Alternate document for printing
Printing a page online usually means printing more than what you actually want. Webpages are quite fancy nowadays, with ad banners on top, navigational links on the left, and so on. That's fine when you're viewing the page online, but when you're printing the page, you only want to print out the "actual content", and nothing else from the page! Many sites nowadays understand this, and provide an alternate "print" version of the document that surfers can go to and print out. Well, there's actually a much more elegant and seamless way of accomplishing the same thing, and that is by using the <link> tag. IE 4+ supports a version of the <link> tag that allows you to specify to thr printer which file it should print when the user selects print. In other words, the job of locating the alternate print version of the document to print out is left to the printer, instead of the surfer. Take a look at the below example, and it will all be clear.
Demo: Let's say you're interested in only printing out the content in gray below from this page. As the webmaster, I could have helped you out by creating another HTML document with only the below content, and telling you to go there and print that document instead. However, I'm not going to do that. Instead, I've prepared a Word document called printversion.doc, and by adding the following:
<link rel=alternate media=print href="printversion.doc">
to the <head> section of this page, informed the printer to directly proceed to printversion.doc and print it when you select "print" on this page. In other words, the printer will print out printversion.doc instead when you choose "print" on printstyle.htm. To see this in action, try printing this page now (you'll need IE 4 or above)!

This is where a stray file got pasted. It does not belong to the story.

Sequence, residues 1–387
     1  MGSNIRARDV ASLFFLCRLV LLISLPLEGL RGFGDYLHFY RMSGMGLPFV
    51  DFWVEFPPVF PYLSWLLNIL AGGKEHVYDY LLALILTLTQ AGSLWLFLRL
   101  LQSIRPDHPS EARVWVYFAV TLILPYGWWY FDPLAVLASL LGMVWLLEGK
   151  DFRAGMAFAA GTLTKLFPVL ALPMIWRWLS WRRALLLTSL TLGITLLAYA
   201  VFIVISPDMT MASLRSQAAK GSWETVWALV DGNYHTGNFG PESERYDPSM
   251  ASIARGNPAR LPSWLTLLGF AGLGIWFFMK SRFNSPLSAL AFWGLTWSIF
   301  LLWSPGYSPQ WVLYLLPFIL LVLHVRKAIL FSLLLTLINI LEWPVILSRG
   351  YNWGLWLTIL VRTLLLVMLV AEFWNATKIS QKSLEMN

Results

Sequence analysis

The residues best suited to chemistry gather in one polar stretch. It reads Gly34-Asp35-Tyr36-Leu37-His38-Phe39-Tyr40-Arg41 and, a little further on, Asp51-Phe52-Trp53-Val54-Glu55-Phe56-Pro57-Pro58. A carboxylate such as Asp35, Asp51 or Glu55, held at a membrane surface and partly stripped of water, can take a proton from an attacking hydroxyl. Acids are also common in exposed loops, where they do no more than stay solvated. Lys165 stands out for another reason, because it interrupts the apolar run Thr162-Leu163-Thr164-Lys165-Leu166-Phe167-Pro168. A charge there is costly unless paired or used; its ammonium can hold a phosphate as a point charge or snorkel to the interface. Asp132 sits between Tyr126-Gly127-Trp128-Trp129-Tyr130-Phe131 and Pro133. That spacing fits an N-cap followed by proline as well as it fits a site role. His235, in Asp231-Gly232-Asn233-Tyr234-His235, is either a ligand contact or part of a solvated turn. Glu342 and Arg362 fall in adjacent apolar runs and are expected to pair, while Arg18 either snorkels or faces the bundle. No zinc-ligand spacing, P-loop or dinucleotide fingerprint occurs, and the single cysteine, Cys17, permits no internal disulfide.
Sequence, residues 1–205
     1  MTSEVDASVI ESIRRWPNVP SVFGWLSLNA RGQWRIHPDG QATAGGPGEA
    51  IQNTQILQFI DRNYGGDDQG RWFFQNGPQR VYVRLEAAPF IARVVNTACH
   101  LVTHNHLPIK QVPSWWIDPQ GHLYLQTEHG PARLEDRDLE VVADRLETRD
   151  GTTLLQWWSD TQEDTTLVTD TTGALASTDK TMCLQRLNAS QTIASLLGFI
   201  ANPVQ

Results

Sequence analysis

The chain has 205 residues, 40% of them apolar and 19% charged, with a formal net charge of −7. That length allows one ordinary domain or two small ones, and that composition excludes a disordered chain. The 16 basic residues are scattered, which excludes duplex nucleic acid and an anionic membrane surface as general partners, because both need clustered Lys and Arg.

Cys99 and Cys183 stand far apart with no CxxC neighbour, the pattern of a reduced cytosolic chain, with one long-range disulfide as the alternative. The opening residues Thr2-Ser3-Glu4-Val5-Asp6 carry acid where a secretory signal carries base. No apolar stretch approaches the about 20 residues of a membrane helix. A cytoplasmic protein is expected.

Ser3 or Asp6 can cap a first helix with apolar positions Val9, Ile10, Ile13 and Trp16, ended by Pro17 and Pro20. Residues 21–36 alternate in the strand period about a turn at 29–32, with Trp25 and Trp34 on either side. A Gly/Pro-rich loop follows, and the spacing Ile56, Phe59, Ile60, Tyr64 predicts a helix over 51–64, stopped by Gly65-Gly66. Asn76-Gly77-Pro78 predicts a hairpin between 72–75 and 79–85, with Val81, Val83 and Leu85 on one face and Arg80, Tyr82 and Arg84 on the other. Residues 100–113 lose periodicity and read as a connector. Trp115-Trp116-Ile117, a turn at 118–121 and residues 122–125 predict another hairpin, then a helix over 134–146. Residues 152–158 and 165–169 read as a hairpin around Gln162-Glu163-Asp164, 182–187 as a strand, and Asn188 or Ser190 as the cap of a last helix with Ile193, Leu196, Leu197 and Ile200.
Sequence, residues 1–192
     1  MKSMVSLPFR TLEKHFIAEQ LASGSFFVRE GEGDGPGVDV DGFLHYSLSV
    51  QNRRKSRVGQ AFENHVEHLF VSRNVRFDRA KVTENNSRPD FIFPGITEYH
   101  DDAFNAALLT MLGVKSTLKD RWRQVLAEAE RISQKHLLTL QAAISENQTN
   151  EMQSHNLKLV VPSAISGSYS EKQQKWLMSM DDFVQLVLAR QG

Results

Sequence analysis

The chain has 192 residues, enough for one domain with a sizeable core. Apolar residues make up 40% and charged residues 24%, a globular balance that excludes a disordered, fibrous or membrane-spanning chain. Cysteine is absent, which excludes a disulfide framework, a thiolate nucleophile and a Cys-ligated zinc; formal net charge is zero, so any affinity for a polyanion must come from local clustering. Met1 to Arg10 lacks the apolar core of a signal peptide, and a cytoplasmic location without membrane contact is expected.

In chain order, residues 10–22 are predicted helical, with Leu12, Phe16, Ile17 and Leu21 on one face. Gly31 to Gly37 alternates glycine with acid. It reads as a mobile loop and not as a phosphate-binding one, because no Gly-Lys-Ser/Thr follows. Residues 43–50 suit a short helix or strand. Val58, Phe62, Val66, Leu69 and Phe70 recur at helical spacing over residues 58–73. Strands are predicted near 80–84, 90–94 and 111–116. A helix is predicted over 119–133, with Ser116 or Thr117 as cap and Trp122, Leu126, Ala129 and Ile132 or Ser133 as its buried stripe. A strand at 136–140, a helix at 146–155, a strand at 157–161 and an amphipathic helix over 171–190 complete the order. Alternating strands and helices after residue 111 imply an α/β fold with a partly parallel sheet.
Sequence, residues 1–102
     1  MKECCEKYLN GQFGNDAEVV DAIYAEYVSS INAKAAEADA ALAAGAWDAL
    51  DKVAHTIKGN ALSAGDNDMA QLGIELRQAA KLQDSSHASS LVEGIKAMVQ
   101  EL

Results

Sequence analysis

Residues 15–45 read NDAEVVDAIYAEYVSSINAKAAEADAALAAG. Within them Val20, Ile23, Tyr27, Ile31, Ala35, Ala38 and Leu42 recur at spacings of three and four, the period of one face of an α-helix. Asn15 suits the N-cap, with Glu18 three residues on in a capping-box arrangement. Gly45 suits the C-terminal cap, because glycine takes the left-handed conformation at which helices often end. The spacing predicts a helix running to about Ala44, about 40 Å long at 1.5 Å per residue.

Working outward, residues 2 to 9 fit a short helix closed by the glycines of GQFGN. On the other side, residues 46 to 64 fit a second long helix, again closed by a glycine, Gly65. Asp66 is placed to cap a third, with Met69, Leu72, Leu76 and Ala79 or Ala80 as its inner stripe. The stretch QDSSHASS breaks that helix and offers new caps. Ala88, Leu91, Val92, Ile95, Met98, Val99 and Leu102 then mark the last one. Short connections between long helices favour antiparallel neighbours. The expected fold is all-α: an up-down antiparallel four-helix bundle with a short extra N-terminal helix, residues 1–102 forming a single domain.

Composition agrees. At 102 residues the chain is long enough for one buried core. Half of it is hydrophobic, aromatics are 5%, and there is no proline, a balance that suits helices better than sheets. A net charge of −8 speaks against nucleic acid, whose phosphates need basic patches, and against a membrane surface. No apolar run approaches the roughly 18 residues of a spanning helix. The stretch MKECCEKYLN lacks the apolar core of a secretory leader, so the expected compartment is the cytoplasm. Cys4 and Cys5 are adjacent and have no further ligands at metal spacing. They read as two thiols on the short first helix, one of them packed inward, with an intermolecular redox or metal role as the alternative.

The following article discusses what DHTML is, and also the differences in implementation of DHTML between Netscape Communicator and MS Internet Explorer 4.
What is DHTML?
What's the difference between DHTML in
Communicator, and in Internet Explorer 4.0?
In Internet Explorer 4:
What is the relationship between CSS (Cascading Style Sheets) and DHTML?
CSS is a styling technology that allows web developers the liberty to apply style and formatting to a document through a centralized location. In Netscape 4, that is all that CSS does, but IE 4 also utilizes CSS (namely, the id attribute of CSS) to allow web developers easy access to various elements in a document.
Simply copy the below into the <head> section of your web page. Change printversion.doc to the file intended to be used for printing. The file can be of virtually any format (pdf, Word etc). When the user selects "Print", the printer will look for this file and print it instead of the current page. Netscape will simply ignore this tag, and print out the original page.
Pretty neat, uh? At least we thought it was :-)